BLYN — The Jamestown S’Klallam Tribe will host a public forum on plans for a medication-assisted addiction treatment facility in Sequim on Aug. 8.
Brent Simcosky, director of health services for the tribe, said the forum will begin at 6 p.m. at the tribe’s Red Cedar Hall in Blyn.
Simcosky said “many unfounded rumors are circulating both on social media and around town” about the medication-assisted treatment facility (MAT) and they will “address many of those unfounded fears and concerns” at the forum.
Opponent of the proposed $20 million facility — many of them members of an online group called Sequim Against MAT — gathered at the Sequim City Council meeting July 8. City staff said that no proposal was before them and that speaking about the proposal could potentially be unlawful.
The Sequim City Council plans a special meeting at 6 p.m. Monday, July 29 at the Guy Cole Event Center at Carrie Blake Park, 202 N. Blake Ave., to hear comment on the MAT and to learn more about the city’s role in the permitting process for it.
The Jamestown S’Klallam Tribe plans to build a healing center on a portion of 19.5 acres southeast of Costco for the MAT facility and a 16-bed in-patient psychiatric evaluation and treatment facility with construction tentatively starting in spring 2020 and being complete at the earliest the first quarter of 2021.
The tribe had purchased most of the parcel off Ninth Street west of Sequim’s downtown on May 21 for $900,000 with the remaining area of less than 3 acres to be purchased in a transaction that will close in the fall, according to Simcosky.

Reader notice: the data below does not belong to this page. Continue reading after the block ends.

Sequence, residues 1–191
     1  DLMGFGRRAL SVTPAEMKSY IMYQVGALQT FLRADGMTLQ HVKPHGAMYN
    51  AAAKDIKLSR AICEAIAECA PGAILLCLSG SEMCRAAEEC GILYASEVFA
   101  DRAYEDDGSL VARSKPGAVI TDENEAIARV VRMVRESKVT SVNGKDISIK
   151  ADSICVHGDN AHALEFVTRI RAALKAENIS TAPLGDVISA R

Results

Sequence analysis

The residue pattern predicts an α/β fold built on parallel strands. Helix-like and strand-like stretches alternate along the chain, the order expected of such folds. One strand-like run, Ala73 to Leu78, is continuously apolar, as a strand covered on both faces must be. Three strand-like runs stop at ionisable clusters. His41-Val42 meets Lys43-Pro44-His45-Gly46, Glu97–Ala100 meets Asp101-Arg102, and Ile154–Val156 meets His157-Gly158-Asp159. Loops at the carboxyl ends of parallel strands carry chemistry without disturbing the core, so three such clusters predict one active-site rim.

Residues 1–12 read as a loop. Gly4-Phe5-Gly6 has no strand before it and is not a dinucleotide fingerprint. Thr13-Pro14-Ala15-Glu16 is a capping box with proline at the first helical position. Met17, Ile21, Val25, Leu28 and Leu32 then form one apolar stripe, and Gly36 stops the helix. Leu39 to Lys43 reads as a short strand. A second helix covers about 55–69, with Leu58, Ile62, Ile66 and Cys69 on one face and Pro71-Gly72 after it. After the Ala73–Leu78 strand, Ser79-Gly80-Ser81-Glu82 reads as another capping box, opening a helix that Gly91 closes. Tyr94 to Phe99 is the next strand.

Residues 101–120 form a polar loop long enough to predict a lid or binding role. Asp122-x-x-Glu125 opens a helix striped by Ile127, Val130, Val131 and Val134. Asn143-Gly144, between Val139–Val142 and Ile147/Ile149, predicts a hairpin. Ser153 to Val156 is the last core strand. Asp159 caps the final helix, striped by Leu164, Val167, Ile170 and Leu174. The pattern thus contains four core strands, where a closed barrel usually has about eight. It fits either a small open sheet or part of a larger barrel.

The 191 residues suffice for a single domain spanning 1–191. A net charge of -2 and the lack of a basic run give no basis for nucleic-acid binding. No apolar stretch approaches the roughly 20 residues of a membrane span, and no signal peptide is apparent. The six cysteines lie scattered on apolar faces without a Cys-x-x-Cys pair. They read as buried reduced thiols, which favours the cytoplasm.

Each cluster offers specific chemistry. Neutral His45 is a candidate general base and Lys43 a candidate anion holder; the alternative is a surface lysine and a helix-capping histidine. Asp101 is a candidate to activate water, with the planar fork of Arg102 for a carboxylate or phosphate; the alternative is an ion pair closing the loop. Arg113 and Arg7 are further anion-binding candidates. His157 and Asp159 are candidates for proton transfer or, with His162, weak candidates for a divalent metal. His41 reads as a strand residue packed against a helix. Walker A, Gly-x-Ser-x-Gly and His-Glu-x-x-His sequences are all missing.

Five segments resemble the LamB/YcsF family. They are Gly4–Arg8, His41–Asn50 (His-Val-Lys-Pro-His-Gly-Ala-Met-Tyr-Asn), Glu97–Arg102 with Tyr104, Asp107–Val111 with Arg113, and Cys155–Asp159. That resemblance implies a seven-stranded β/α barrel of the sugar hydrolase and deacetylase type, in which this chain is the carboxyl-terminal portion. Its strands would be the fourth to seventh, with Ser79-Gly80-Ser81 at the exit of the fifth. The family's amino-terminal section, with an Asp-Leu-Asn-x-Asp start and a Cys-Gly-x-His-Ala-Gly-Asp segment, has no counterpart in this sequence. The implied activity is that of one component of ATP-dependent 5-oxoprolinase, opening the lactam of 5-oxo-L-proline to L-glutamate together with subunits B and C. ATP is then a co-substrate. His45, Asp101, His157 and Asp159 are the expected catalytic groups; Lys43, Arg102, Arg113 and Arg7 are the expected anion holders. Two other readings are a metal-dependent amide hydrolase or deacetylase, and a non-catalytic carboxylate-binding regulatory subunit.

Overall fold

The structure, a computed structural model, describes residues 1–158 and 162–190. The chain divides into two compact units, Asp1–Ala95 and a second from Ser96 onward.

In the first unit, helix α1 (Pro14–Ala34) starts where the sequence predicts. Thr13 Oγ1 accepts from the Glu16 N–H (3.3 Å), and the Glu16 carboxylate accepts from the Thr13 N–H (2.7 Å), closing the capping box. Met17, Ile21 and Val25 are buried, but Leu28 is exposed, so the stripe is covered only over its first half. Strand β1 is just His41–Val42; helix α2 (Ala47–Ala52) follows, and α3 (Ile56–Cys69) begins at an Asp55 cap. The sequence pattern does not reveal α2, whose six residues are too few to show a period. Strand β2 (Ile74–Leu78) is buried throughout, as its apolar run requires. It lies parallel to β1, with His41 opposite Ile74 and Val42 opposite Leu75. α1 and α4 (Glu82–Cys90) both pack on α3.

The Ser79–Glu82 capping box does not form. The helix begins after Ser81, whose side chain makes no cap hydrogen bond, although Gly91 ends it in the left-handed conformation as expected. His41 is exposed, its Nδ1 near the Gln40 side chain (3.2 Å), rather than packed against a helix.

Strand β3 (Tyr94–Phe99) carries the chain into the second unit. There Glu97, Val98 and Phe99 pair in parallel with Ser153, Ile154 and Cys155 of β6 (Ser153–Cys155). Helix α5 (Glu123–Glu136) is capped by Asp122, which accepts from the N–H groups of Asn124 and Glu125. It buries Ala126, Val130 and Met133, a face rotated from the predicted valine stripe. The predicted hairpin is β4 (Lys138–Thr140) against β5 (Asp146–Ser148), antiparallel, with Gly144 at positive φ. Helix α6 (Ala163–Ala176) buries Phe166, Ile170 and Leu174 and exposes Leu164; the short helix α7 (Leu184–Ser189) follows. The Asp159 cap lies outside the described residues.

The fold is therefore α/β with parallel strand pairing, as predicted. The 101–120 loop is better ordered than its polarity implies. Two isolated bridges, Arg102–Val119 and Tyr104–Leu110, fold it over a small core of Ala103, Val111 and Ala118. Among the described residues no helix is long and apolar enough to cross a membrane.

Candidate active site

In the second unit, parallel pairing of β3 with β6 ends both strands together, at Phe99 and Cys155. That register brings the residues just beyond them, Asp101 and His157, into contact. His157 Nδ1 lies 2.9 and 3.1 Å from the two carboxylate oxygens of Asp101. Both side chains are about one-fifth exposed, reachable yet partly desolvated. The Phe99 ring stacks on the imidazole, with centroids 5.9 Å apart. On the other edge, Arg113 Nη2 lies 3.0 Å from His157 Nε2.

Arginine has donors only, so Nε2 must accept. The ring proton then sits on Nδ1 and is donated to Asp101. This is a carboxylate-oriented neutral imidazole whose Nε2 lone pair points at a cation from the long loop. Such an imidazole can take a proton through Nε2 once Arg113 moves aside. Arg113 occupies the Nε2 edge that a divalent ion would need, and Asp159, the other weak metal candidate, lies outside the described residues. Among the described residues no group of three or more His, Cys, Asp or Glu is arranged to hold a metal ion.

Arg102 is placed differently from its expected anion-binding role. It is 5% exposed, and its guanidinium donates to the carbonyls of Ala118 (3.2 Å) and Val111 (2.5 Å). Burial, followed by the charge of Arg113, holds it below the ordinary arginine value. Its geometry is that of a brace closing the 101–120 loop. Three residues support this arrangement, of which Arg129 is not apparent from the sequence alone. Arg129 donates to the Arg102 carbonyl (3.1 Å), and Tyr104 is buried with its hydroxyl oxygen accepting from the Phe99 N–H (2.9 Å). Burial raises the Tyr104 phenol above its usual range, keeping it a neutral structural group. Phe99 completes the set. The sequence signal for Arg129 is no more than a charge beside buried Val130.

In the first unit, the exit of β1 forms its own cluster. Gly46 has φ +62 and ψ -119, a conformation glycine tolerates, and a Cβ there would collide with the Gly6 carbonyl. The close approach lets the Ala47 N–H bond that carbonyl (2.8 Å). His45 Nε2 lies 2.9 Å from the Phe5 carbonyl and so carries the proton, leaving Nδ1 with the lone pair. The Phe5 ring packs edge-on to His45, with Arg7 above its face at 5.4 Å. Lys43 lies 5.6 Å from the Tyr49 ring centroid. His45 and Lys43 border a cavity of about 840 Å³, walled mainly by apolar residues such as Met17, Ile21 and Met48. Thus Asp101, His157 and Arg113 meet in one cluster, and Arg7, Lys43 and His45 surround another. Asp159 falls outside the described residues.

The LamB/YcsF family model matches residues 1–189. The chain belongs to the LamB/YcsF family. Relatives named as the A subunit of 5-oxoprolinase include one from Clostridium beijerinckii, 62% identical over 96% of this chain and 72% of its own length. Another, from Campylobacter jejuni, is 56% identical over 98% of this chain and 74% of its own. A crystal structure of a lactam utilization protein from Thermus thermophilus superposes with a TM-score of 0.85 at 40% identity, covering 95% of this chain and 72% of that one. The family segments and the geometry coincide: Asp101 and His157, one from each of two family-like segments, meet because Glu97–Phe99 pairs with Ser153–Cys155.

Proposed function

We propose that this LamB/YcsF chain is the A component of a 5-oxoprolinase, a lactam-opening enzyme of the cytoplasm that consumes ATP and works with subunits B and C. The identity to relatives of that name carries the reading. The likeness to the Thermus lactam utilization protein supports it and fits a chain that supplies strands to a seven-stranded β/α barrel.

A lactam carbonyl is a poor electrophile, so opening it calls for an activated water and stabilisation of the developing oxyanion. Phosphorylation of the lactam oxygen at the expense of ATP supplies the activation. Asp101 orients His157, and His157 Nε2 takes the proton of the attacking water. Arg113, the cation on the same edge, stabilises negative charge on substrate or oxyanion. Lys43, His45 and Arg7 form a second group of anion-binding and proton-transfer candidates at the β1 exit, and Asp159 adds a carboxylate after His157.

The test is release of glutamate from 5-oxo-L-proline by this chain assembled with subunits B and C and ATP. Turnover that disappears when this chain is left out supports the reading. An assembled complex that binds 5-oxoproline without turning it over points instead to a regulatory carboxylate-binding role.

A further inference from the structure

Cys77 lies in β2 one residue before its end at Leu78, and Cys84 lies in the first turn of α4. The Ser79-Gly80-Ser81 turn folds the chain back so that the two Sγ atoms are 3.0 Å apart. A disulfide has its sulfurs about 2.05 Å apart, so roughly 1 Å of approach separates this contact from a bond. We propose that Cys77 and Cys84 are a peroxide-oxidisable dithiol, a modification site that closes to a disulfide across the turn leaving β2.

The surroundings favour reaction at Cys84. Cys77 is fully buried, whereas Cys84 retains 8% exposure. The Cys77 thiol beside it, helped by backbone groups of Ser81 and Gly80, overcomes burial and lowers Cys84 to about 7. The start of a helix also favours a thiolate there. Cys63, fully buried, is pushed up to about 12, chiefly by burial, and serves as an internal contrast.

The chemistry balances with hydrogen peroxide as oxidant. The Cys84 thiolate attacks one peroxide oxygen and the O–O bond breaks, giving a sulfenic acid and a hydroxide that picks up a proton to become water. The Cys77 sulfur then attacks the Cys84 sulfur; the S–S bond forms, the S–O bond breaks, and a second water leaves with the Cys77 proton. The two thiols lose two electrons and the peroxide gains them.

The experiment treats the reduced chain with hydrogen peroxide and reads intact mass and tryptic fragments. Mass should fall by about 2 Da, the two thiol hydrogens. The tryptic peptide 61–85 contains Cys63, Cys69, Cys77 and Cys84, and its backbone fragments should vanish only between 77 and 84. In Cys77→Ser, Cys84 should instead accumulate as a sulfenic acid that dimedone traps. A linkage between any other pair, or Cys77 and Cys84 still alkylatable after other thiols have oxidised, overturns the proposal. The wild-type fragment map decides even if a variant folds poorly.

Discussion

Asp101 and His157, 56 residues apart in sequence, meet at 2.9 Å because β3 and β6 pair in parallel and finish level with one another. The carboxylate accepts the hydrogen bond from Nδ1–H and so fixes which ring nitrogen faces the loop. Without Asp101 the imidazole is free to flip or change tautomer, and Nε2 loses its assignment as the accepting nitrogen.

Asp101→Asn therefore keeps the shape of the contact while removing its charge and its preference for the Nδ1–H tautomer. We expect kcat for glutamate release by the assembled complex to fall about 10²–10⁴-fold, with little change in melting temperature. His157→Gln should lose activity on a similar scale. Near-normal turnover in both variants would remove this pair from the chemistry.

Tribal officials said the facility will dispense daily doses of methadone, Suboxone and Vivitrol in a 15,000-square-foot building that could grow to about 25,000 square feet.
Simcosky said whether it grows depends on the need.
Facility management has an agreement between the tribe and Olympic Medical Center to operate the psychiatric facility, as well as potential agreements to collaborate with Jefferson Healthcare, Forks Community Hospital and Peninsula Behavioral Health.
The tribe, OMC and Jefferson Healthcare applied for and received $7.2 million for Phase 1 from the state’s capital budget application, and tribal officials plan to seek the remainder of the facility’s funding in the 2020 legislative session.
Simcosky said OMC CEO Eric Lewis will be in attendance at the Aug. 8 forum along with Sequim City Manager Charlie Bush and City Attorney Kristina Nelson-Gross to address process issues.
Clallam County Commissioner Mark Ozias and Clallam County Sheriff Bill Benedict also will attend “to help dispel some of the rumors regarding increased crime,” he said.
Other dignitaries from neighboring cities and agencies might attend as well.
Simcosky said the tribe has hired a public relations firm to develop handouts and flyers along with a Frequently Asked Questions sheet to address operations for its Healing Campus.
They also plan to create advertisements to promote the forum and “talk about how there will be no busing of homeless people from Seattle, no loitering of patients at our facility, and how Jamestown has stepped forward to lead the way in health care and we intend to provide a local solution to a local problem.”
Bush said that city staff intends to hold a separate meeting about it with the project’s partners sometime in July.
While there is no timeline for an application for the facility, Bush said the tribe clarified for city staff that the application would only include Phase 1, the MAT facility.
By applying with Phase 1 only, Bush said it would have final say for approval through the city’s administration and if appealed, if would go through a hearing examiner.
He said the City Council would not be involved in the appeal process and could engage the public on the topic.
Matthew Nash is a reporter with the Olympic Peninsula News Group, which is composed of Sound Publishing newspapers Peninsula Daily News, Sequim Gazette and Forks Forum. Reach him at [email protected].